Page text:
Commentary

America on Its Own in Iraq War

This article was originally published by Knight-Ridder on November 23, 2005.

John Edwards, the Democratic Party’s 2004 vice-presidential nominee, recently recanted his support for the original congressional resolution authorizing the use of force against Iraq. Although undoubtedly pleasing opponents of the war with his move, Edwards also embraced the all-too-common panacea for the Iraq problem: more international support.

He is not the only prominent political figure to latch on to that “solution.” Numerous liberal critics of the war explicitly or implicitly argue that if the arrogant, unilateralist George W. Bush had not been president, developments would have gone far better.

According to that thesis, the United States ultimately could have secured international support, including far more military contributions, for both the war and the postwar reconstruction effort.

Typically, Democratic presidential nominee John Kerry still was arguing in late 2004 that he would be able to get other nations, especially the NATO allies, involved. Indeed, former Secretary of State Madeleine Albright is still pushing this idea more than a year later.

In fairness, for more than a year after the invasion, the Bush administration also indulged in the illusion that substantial international support soon would be forthcoming. Administration leaders were confident that even countries opposed to the war such as France, Germany, Russia and India would contribute money for reconstruction and troops for postwar peacekeeping. In reality, the international community pledged only meager financial contributions, and never offered significant numbers of peacekeeping personnel.

There always has been a dearth of evidence to support the “international rescue” thesis. Contrary to the wishful thinking of both the Bush administration and its liberal opponents, other countries are not eager to spend their money on transforming Iraq. They are even less willing to sacrifice the lives of their military personnel on the altar of nation-building. Russian President Vladimir Putin succinctly expressed the attitude of most governments on the eve of the invasion when he responded to a reporter’s question about whether Russia would join in the venture. “Yeah, like we’re really that stupid,” he replied.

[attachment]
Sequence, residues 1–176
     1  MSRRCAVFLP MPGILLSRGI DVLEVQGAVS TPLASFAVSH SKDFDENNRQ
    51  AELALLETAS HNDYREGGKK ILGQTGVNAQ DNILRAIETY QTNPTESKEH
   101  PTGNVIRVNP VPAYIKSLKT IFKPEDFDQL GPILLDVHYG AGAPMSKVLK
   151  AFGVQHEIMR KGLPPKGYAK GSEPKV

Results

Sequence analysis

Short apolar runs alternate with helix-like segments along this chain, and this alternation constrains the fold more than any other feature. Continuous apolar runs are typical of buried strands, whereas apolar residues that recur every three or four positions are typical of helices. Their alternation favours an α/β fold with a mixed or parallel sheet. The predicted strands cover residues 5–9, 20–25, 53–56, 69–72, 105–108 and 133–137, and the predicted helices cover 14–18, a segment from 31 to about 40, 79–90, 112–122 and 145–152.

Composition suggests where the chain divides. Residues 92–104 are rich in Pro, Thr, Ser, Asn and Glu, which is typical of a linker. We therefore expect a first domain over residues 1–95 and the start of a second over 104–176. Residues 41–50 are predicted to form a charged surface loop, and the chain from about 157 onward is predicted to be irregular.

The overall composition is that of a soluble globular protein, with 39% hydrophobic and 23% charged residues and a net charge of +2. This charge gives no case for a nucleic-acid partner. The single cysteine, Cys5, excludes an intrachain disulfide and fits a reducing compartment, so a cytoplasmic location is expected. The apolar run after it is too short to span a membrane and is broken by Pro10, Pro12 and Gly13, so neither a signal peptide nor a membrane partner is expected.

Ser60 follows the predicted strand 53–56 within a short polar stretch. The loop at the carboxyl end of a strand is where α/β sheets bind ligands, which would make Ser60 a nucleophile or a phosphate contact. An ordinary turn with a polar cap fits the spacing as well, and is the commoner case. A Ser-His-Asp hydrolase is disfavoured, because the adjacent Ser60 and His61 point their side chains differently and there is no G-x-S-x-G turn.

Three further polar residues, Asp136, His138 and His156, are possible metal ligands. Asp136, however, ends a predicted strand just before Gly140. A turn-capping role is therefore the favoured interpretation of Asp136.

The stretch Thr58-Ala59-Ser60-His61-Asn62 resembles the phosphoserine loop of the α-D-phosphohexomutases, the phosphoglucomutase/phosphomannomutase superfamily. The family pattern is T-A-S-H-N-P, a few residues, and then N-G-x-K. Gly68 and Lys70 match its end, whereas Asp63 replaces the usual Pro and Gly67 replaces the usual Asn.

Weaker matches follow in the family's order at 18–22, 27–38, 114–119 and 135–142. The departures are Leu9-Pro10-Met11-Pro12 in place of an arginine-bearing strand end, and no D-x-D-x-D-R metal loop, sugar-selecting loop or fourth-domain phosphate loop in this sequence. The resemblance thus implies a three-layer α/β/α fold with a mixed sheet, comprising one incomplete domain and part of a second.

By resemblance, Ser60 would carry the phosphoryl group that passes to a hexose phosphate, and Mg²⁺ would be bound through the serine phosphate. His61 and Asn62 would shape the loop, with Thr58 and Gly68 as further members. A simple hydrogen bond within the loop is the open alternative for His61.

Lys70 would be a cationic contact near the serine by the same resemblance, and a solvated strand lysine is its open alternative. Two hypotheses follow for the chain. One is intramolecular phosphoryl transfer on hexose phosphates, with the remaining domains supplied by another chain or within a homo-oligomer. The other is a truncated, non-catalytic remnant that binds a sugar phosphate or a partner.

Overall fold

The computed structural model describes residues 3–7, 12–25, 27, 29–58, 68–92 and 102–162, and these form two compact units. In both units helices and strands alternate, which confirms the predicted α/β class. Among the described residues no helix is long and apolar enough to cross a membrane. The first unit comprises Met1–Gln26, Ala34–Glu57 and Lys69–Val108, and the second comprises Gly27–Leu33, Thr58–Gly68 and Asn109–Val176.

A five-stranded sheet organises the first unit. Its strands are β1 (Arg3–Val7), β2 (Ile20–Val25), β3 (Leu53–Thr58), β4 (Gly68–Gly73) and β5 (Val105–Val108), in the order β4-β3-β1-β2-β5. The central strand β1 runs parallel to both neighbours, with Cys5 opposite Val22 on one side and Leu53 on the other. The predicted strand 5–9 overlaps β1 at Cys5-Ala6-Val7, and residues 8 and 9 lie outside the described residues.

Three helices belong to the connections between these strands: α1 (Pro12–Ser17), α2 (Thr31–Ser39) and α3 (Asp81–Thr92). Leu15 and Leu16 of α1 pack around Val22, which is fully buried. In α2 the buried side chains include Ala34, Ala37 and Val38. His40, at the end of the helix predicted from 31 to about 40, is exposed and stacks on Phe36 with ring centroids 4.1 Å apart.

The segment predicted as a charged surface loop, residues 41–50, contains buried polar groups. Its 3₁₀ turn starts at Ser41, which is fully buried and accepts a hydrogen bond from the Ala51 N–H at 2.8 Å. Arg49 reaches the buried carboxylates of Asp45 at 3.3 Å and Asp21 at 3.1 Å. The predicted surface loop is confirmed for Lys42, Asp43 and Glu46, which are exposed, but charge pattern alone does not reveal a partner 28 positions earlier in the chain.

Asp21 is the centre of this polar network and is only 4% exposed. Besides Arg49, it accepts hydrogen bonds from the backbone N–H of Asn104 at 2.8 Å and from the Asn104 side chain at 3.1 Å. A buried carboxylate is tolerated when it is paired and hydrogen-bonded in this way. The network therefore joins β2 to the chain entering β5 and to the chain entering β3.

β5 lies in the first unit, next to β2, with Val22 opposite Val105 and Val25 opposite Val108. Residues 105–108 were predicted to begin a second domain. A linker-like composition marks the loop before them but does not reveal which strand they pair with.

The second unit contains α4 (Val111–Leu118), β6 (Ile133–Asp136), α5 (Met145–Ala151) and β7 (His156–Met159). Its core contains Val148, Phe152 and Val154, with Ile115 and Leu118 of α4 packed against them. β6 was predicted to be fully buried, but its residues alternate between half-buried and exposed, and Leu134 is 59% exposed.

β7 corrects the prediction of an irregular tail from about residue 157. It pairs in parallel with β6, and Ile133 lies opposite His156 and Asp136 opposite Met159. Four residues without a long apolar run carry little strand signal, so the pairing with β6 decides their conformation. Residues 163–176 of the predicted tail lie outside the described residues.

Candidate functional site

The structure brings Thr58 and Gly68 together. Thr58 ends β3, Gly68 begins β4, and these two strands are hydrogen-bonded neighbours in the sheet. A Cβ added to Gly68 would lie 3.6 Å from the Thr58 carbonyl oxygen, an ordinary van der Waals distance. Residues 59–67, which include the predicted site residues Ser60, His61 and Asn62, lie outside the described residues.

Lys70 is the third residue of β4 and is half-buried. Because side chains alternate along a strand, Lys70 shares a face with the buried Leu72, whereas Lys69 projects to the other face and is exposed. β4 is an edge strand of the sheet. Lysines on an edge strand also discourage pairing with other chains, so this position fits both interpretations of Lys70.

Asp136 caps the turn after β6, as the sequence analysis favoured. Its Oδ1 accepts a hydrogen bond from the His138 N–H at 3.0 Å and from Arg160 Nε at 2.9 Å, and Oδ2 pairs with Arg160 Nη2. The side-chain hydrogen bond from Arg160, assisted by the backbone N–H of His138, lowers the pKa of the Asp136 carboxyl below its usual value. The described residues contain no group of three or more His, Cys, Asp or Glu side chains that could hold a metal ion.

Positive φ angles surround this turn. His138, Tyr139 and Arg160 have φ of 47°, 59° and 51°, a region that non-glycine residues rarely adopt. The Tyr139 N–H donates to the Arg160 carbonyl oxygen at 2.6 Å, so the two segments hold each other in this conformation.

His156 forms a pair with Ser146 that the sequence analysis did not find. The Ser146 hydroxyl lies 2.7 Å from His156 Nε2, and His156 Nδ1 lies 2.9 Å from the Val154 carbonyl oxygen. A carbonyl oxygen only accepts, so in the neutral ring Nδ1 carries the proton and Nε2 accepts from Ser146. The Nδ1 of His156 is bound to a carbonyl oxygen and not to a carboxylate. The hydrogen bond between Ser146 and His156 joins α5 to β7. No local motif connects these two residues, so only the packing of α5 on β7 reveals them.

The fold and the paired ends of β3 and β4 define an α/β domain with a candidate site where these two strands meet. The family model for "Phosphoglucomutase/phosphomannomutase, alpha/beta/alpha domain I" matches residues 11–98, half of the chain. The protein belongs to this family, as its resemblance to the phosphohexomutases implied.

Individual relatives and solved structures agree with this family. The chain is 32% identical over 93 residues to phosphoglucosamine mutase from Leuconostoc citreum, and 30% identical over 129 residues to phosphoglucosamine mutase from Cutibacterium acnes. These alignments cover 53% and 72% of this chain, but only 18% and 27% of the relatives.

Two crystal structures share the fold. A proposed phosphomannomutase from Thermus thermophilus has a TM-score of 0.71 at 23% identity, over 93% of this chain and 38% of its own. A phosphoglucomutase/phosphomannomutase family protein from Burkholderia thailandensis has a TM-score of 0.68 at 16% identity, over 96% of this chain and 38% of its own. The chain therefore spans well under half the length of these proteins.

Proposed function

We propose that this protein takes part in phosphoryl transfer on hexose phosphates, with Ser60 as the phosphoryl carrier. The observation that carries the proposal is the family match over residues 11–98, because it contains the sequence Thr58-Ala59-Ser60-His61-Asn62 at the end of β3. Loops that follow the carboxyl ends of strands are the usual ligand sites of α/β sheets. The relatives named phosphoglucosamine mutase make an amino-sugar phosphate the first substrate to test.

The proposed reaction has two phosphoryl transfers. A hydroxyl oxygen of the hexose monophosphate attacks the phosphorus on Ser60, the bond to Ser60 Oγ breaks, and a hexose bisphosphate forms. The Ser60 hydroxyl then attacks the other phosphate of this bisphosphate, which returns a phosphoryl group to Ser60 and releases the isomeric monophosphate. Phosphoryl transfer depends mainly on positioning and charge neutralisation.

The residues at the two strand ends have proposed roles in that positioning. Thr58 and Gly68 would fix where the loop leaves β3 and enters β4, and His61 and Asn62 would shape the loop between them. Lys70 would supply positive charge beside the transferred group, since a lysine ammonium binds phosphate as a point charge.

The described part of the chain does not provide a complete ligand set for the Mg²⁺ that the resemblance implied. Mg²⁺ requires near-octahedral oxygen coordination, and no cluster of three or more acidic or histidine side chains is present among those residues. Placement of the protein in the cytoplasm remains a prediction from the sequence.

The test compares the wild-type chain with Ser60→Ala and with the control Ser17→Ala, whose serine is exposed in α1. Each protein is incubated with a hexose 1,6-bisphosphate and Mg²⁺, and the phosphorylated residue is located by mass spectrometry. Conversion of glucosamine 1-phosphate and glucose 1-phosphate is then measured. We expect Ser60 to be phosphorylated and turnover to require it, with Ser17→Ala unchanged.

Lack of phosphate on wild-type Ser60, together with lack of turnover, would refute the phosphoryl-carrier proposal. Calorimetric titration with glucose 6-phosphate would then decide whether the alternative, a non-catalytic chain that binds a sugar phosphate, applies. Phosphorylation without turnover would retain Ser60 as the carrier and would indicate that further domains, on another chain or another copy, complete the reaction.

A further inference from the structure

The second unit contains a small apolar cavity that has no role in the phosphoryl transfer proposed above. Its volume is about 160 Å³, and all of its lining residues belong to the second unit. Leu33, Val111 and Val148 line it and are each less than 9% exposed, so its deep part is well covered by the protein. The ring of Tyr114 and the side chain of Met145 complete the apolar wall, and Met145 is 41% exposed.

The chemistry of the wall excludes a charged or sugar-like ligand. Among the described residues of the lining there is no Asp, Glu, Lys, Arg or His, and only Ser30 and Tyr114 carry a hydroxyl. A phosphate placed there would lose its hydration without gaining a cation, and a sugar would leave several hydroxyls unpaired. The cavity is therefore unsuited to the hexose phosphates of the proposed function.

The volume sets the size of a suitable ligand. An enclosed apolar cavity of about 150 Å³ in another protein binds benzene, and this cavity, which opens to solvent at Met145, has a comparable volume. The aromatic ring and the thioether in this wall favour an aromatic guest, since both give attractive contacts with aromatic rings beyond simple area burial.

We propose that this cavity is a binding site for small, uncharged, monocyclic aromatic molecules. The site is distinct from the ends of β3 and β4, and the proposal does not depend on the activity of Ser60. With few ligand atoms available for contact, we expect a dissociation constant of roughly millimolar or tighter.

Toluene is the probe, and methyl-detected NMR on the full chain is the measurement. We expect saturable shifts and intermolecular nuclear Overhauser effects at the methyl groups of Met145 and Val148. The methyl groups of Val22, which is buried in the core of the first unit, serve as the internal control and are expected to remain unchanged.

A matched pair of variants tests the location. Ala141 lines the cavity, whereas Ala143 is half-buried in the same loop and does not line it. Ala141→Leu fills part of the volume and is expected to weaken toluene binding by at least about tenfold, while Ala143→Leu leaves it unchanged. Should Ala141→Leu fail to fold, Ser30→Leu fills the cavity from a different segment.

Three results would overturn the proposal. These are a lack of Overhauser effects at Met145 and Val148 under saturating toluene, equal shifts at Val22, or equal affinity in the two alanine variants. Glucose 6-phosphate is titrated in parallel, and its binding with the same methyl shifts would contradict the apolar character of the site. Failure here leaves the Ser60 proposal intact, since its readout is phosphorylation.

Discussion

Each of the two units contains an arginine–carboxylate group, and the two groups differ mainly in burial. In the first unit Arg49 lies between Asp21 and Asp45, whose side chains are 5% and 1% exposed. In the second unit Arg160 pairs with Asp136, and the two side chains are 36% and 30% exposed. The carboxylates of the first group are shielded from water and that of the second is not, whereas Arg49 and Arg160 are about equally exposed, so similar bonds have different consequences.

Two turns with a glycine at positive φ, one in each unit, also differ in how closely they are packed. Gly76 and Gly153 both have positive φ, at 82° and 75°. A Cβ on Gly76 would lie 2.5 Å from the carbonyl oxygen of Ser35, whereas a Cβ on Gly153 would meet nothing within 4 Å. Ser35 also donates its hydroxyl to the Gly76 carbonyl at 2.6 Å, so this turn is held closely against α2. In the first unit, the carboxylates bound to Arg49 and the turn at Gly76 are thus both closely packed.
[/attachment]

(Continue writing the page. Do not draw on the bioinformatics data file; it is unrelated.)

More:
The brutal reality is that the Bush administration has conducted the Iraq intervention in the only way it could have proceeded - as an overwhelmingly U.S.-British venture with a handful of good wishes and token contributions from the so-called coalition of the willing. The hope for a truly international mission always was a non-starter - and it remains so to this day.

Regardless of their views about whether the war was justified or what policy Washington should pursue going forward, all factions in the debate need to realize that there is no global cavalry ready to ride to the rescue in Iraq. For better or worse, the Iraq mission is an American problem, and it is up to the American people and their elected representatives to craft a solution.

Ted Galen Carpenter, vice president for defense and foreign policy studies at the Cato Institute, is the author of seven books on international affairs.